TABLE 4.

General characteristics and roles of fomites in viral transmission

VirusOptimal environmental conditions for survival (reference[s])Viral transfer via fomite (reference[s])Minimally infectious dose of virus (reference[s])Evidence of transmission by fomite (reference[s])
Respiratory syncytial virusComposition of surface more important than humidity and temp (3, 24)From porous (tissues, gloves) and nonporous (countertops) fomites (33)Intranasal inoculation, humans, 100-640 TCID (54, 55)Proven (3, 22)
RhinovirusSurvived well in high humidity but poorly under dry conditions (64)Clean hands pick up virus when handling contaminated fomites (5, 52); 70% of virus on hands transferred to recipients' fingers (30)Intranasal inoculation, humans, 0.032-0.4 TCID50 (55); reported elsewhere as 1-10 TCID50 (7, 28, 39)Proven, considered minor (3, 22)
Influenza virusSurvival at lab temp of 28°C and 40% humidity for 48 h on dry surface; 72 h for avian influenza virus on dry surface (73); 72 h forinfluenza A virus on wet surface (9)Virus transferred from contaminated surface to hands for up to 24 h after inoculation (9)Intranasal inoculation, humans, 2-790 TCID50 (54, 55)Proven, considered secondary or minor (38)
Parainfluenza virusSurvival decreases above 37°C; stable at 4°C, pH 7.4 to 8.0, and low humidity; recovered after freezing for 26 yrs (37)Stainless steel surfaces to clean fingers (5)Intranasal inoculation, humans, 1.5-80 TCID50 (parainfluenza virus 1) (7, 38, 54)Not proven, indirect evidence supports (3, 22)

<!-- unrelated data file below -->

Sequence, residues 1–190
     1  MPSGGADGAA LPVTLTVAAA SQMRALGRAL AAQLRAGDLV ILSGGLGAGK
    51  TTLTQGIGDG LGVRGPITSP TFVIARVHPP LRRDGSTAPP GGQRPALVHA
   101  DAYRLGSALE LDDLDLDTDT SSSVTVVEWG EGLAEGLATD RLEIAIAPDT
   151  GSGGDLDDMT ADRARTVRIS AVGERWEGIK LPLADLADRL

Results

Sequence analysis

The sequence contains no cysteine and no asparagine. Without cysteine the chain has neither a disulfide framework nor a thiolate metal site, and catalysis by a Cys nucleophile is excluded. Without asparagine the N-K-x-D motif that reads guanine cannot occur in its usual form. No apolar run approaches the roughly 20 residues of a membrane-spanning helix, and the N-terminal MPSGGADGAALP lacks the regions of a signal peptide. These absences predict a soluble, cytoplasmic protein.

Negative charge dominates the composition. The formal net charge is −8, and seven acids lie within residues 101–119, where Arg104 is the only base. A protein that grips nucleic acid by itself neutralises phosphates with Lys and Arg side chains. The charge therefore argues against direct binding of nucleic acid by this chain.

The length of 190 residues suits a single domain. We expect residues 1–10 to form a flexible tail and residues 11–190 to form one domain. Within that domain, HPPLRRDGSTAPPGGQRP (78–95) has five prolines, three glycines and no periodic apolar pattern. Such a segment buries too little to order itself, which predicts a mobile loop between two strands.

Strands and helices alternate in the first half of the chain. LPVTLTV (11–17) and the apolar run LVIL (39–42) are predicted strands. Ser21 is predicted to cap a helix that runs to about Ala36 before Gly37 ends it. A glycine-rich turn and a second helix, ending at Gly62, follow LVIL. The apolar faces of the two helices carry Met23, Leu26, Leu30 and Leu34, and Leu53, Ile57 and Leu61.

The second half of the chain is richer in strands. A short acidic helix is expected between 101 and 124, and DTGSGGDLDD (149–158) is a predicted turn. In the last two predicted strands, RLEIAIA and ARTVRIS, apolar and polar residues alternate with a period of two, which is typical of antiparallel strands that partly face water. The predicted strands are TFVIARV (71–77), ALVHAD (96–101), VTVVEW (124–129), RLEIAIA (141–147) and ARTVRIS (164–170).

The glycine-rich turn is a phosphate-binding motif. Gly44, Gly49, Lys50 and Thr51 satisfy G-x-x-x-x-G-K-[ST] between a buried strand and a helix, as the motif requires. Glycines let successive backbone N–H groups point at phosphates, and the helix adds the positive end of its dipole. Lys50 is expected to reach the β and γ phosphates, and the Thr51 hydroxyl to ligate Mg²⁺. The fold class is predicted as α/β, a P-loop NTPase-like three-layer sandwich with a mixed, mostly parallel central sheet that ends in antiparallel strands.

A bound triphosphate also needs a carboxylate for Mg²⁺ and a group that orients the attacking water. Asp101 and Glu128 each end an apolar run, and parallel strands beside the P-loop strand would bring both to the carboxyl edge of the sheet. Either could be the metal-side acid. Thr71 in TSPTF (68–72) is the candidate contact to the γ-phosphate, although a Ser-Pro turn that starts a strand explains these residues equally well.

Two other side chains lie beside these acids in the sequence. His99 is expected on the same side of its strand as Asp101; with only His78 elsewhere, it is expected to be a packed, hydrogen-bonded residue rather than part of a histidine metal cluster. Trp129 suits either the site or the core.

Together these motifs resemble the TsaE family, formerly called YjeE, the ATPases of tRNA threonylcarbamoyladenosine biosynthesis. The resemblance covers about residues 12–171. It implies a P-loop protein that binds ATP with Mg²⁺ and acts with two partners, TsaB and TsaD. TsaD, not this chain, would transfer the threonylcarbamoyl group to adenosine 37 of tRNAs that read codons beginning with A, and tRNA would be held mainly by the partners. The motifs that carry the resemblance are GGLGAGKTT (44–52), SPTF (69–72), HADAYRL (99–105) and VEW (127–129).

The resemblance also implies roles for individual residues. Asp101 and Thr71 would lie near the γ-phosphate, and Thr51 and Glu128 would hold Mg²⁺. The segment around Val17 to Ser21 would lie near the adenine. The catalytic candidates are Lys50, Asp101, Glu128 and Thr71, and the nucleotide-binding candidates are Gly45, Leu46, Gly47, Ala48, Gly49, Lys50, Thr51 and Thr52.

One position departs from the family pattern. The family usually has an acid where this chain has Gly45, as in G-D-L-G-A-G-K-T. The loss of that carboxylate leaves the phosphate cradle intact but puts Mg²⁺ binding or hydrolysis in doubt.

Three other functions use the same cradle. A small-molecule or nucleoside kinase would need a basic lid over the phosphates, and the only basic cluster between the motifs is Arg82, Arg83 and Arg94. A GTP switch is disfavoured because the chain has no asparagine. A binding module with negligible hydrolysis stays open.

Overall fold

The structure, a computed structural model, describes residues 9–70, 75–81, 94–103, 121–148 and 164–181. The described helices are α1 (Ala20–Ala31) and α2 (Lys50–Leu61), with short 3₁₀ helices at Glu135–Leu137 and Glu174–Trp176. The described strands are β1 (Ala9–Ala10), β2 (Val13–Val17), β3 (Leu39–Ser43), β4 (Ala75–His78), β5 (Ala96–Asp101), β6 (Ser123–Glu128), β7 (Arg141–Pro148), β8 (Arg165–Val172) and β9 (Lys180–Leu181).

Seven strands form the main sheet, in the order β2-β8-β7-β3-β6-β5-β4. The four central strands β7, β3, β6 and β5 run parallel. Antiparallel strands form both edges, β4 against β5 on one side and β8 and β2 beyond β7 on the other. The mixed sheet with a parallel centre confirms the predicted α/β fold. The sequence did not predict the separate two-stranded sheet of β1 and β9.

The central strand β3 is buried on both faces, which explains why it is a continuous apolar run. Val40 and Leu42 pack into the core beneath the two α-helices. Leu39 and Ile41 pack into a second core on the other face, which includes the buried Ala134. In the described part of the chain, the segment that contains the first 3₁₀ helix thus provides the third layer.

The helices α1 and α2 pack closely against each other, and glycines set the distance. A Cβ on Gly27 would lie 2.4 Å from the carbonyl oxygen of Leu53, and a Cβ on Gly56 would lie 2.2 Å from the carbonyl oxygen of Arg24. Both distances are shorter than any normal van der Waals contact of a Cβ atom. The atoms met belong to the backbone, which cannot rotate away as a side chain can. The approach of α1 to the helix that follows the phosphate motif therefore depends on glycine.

CoronavirusHumidity 55-77% and temp 21°C remained infective up to 6 days in PBS (50); remains infective 1-2 days in feces (68)Theoretically possible but not studied (68)Not foundNot proven but suspected (3, 38, 58)
Feline calicivirusSurvived at 4°C when dried on coverslip for 56 days; survival decreased with temp (21); sensitive to humidity in 30-70% range (19, 61)From gloved hands to kitchen utensils and doorknob and vice versa (53); from contaminated surface to clean hands to phone, door handle, or water tap handle (8)Estimated to be as few as 10-100 particles (7, 8, 17, 39)Not proven, indirect evidence supports, CDC lists surface contamination (17, 41)
RotavirusRemained infective for 32 mos at 10°C and 2&12frac; mos at 30°C when stored in feces (25)16% viral transfer from contaminated fingertips to steel disc after 20 min (4)Not found; estimated at 10-100 TCID50 (7, 55)Proven (7, 22)
Hepatitis A virusSurvival inversely proportional to relative humidity and temp, 5°C is optimal temp (1, 48)25% viral transfer from fingers to disc; moisture facilitated transfer (47); 9.2% of virus transferred to lettuce (11)Estimated at 10-100 TCID50 (55, 59)Accepted (food and fecally contaminated surfaces) (1, 41)
AdenovirusSurvived shorter periods in presence of feces and at lower humidity (1, 42, 46, 61)Not foundIntranasal, 150 TCID50; oral, 1,000 TCID50 (capsule form of serotypes 4 and 7) (54)Widely accepted, contaminated surfaces (1)
AstrovirusSurvived 4°C on china for 60 days and paper for 90 days; faster decay at higher temp (2, 61)Not foundNot foundMay play an important role in secondary transmission (2, 61)